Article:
“It is only when the conscious mind confronts the unconscious, that a provisional reaction will ensue which will determine the subsequent procedure”. Carl Jung
Consciously confronting your unconscious mind is the most important encounter you can experience during coaching.
The job of all coaches/leaders is to bring out the gold in the people they coach. There is gold in every human being, the challenge for us as individuals and for the people we coach/lead is how to bring out this gold and make it shine. Every human being has one dimension of their lives, which, when transformed can tremendously magnify their capabilities. When a reporter once asked Andrew Carnegie how he managed to have 43 millionaire employees in his company, Carnegie replied:
“Men are developed the same way gold is mined. When gold is mined, several tons of dirt must be moved to get an ounce of gold; but one doesn’t go into the mine looking for dirt—one goes in looking for the gold.”
The job of all business executives is to continually seek out ways to clear the dirt for the gold to find useful expressions in their employees. A person/leader can be sitting on a pile of Gold but complain daily about the dirt that surrounds the Gold. The focus on this dirt will not lead to the Gold buried underneath. To be successful as an executive, one must skilfully learn how to be a coach to his/her GOOD employees. I do not mean executives should coach ALL employees; no, that will be a sheer waste of executive time. Not all employees are in vocations that align with the gold inside them – for such employees, do not waste your valuable time. To repeat the words of the sage Jim Rohn;
“The first rule of management is this: Don’t send your ducks to eagle school. Why? Because it won’t work. Good people are found, not changed. They can change themselves, but you can’t change them. If you want good people, you have to find them. If you want motivated people, you have to find them, not motivate them”
Once you identify good people, your next task is to make them better. The process of making them better requires some deliberate coaching/training. This process amongst others involves an inquiry process that gets the coachee to LOOK INSIDE HIMSELF OR HERSELF. We are all products of habitual behaviours and are ruled by age old habits coded into our subconscious, the implications of which we were not even fully aware at the time we wrote them. A great deal of these habits are good and work in our favour; but there are a few that requires some confrontation. This for me is the most important encounter that you can experience during coaching.
Take the case of leading executives of companies such as the late Apple founder Steve Jobs. Many of these executives in their formative years are extremely brilliant, goal getters, abrasive and oftentimes have no patience for mediocrity. The challenge as they go up the ladder is that they will need to broaden their personality to not only focus on the goal at hand but carry others along. Many times, broadening the personality will require a self-enquiry that directs them to the source of these habitual behaviours. Even though technical excellence was largely responsible for their meteoric rise, they soon discover that the skills needed to enter the next rung of the ladder is completely different from all their prior performance rating. In the words of Marshall Goldsmith, “what brought you here will not take you there”.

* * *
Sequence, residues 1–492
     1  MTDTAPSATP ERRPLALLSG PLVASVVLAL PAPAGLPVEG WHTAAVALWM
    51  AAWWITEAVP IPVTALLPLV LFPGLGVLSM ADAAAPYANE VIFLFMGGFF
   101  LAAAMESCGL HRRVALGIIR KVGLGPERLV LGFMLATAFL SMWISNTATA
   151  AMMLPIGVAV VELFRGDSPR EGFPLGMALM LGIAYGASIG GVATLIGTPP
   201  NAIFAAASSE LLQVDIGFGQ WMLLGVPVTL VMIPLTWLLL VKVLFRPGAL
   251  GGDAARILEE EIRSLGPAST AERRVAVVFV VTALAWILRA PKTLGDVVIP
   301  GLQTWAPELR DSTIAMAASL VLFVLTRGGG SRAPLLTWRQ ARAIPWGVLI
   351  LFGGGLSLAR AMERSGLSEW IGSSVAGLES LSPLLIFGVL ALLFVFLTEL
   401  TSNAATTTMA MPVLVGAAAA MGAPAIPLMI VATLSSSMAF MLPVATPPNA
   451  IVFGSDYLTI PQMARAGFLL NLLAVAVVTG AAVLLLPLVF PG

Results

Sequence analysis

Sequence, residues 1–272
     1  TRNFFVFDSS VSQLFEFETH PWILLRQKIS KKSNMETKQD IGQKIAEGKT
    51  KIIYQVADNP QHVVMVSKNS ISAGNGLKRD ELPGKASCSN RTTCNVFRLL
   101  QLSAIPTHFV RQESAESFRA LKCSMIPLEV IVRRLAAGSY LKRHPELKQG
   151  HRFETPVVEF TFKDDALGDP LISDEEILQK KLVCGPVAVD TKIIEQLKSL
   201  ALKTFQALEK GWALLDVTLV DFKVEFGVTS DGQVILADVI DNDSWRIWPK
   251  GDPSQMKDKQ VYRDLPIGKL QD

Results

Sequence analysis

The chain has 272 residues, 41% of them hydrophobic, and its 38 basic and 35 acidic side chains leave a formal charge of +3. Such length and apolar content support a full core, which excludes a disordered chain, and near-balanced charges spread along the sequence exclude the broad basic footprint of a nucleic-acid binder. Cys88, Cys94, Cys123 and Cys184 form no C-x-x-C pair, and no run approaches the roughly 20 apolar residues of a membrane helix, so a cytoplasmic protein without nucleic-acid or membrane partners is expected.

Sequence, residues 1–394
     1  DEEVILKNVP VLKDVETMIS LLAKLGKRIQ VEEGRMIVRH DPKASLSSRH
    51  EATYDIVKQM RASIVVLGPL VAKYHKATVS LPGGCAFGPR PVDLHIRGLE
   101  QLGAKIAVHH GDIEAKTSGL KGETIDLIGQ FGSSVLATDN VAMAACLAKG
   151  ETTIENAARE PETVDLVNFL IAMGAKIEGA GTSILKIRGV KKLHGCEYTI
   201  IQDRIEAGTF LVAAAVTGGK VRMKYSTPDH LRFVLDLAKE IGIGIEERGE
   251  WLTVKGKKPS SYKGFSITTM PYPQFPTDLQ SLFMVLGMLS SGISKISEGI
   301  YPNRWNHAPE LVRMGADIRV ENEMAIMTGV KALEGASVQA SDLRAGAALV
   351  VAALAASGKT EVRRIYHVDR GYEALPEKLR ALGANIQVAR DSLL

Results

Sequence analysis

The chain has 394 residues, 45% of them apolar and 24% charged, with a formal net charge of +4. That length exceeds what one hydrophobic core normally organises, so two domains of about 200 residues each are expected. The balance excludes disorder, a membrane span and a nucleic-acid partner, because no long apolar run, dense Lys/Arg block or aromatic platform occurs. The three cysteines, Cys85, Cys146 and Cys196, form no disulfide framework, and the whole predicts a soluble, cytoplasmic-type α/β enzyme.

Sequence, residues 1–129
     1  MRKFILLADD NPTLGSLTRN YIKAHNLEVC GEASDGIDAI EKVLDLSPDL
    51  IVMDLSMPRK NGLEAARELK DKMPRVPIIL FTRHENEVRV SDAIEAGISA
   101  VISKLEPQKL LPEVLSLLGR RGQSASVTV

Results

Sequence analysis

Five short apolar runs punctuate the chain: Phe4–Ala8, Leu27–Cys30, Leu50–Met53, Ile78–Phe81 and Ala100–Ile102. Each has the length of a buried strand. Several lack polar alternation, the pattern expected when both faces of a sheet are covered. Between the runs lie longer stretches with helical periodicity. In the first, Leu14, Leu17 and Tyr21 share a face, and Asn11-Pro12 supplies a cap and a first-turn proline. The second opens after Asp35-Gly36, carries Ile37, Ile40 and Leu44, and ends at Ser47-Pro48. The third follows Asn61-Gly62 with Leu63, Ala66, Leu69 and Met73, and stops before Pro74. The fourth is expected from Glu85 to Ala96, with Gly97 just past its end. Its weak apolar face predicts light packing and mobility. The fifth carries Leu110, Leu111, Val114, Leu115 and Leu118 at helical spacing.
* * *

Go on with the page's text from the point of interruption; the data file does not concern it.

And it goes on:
An experienced coach/leader will help such aspiring leaders to confront the automatic behaviours that they exhibit. This exercise is the most transformational benefit of Coaching. From the quote from Carl Jung above, “It is only when the conscious mind confronts the unconscious, that a provisional reaction will ensue which will determine the subsequent procedure”.
Marianne Szegedy-Maszak, writing for the US News and World report has this to say, “According to cognitive neuroscientists, we are conscious of only 5% of our cognitive activity, so most of our decisions, actions, emotions, and behaviour depend on the 95% of brain activity that goes beyond our conscious awareness. Take the biblical quote from the Apostle Paul in Romans 7:15: “I do not understand what I do. For what I want to do, I do not do, but what I hate, I do. For I have the desire to do what is good, but I cannot carry it out”. This should not portray utter hopelessness of our ability to make changes that have the capacity to radically alter our lives but instead create the process of self-enquiry or introspection phase which coaching leverages on to bring us face to face with our automatic behaviours. The process slows us down – when your behaviour is not automated, you go into the manual mode called “presence” or “being present”. Although you slow down when you begin to learn how to be present in your day to day life, the upside is that you GET MORE DONE!
Becoming present in your day to day life means taking the time to inspect slavish instructions that your unconscious mind hitherto drives you to do. As you inspect and challenge these behaviours from day to day and continually practice “presence”or the art of being present, you will become a far more powerful person than when you worked slavishly for your unconscious mind.
“A good coach can change a game. A great coach can change a life.” -John Wooden